There are as many different ‘children’s’ cheeses as there are children ! Cheese contains many nutrients essential for daily health, such as calcium and protein. Eating cheese is one way you can help your children get the nutritional requirements they need every day. Cheese makes a great snack in the lunchbox, or when kids come home from school to help keep the hunger at bay before dinner.

Let your child explore as many cheeses as possible! It is a great way to help develop their palate and widen their range of likes and dislikes.  Some kids may prefer a mild cheese such as Edam or Gouda, but don’t be scared to let them try a stronger cheese! Others may love the sharp taste of vintage Cheddar, or the creaminess of a Brie or Camembert. The Australian Gold range has a wide variety of different cheeses sure to tempt even the fussiest little eater!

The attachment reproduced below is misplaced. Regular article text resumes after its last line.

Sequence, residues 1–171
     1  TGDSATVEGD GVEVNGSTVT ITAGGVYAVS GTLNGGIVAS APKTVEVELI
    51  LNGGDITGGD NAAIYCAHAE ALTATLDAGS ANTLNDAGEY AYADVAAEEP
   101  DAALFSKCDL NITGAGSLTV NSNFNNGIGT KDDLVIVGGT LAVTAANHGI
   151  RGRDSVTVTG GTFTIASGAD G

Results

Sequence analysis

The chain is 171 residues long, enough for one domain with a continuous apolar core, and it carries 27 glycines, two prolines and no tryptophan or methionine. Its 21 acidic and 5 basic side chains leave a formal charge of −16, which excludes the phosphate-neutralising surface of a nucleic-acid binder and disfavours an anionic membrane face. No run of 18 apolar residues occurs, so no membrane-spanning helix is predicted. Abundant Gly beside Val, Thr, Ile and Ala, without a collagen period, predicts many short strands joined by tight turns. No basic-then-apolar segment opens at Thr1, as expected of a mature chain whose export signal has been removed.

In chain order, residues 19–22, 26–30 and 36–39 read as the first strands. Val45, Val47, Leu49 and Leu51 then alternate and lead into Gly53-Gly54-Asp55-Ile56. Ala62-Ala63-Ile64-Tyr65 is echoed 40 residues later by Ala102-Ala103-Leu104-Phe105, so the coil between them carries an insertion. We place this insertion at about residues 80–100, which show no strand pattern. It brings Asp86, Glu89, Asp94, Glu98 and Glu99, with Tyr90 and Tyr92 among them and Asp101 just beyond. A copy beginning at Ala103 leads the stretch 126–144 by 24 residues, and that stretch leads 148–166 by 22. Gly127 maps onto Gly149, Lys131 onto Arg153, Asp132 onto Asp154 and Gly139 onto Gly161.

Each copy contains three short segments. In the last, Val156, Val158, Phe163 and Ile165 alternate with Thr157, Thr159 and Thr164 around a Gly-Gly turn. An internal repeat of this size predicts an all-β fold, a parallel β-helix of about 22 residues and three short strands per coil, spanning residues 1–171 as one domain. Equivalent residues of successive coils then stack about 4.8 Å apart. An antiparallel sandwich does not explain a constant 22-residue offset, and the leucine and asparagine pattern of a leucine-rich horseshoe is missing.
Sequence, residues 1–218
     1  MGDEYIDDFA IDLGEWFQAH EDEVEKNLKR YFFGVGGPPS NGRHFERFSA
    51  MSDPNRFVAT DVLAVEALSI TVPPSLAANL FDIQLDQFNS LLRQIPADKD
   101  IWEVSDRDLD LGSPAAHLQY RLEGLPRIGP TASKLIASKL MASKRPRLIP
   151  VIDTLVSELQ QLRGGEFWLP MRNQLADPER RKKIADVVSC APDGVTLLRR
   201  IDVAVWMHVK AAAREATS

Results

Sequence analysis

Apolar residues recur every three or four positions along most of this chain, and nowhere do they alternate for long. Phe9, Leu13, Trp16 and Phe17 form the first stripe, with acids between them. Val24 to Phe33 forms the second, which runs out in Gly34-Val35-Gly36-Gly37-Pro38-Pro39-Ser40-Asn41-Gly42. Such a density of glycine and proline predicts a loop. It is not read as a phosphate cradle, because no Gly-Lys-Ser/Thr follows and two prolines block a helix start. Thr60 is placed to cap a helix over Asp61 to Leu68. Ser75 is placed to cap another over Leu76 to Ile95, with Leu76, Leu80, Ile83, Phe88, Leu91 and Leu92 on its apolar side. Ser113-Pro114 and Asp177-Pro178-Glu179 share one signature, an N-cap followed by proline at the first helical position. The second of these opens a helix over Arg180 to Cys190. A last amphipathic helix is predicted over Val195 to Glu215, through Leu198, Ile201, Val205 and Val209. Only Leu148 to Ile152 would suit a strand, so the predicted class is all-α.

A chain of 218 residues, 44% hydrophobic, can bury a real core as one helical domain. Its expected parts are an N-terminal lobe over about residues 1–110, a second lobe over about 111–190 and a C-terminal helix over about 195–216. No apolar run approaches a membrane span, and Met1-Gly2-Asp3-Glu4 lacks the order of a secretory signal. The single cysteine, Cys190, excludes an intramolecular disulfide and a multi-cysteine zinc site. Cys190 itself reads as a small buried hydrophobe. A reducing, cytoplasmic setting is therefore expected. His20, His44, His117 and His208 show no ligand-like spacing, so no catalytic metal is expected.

How much cheese is safe for a person to eat daily ? What are the risks to cholestorol and heart problems?

Thank you for your enquiry.  Cheese can be included in moderation as part of a balanced diet – as a snack or as part of a meal.

The Dietary Guidelines for Australians recommends enjoying a variety of nutritious foods, including dairy foods such as cheese.

Health professionals recommend having around 3 serves of dairy a day to help meet your calcium needs – and this includes cheese.  

A sample serve size of cheese is 40g, approximately 2 slices of cheese.

There are a variety of cheeses available that have different amounts of fat, salt and calcium.

In terms of what is safe, and risks to cholesterol and heart problems, we recommend that you consult your General Practitioner, or an Accredited Practising Dietitian.

Do you send email newsletters with new recipes and what's new?

If you would like to join our mailing list, please submit your details for our regular Newsletter, including recipes by following this internet link:

I would like to learn to make cheese, can you suggest how?

For home cheesemaking guidance, contact Carole Willman at Cheeselinks - http://www

Carole and Neil Willman have an excellent book on home cheesemaking and Carole runs workshops around the country.

If you want to get serious about it, then Neil runs courses for professional cheesemakers as well .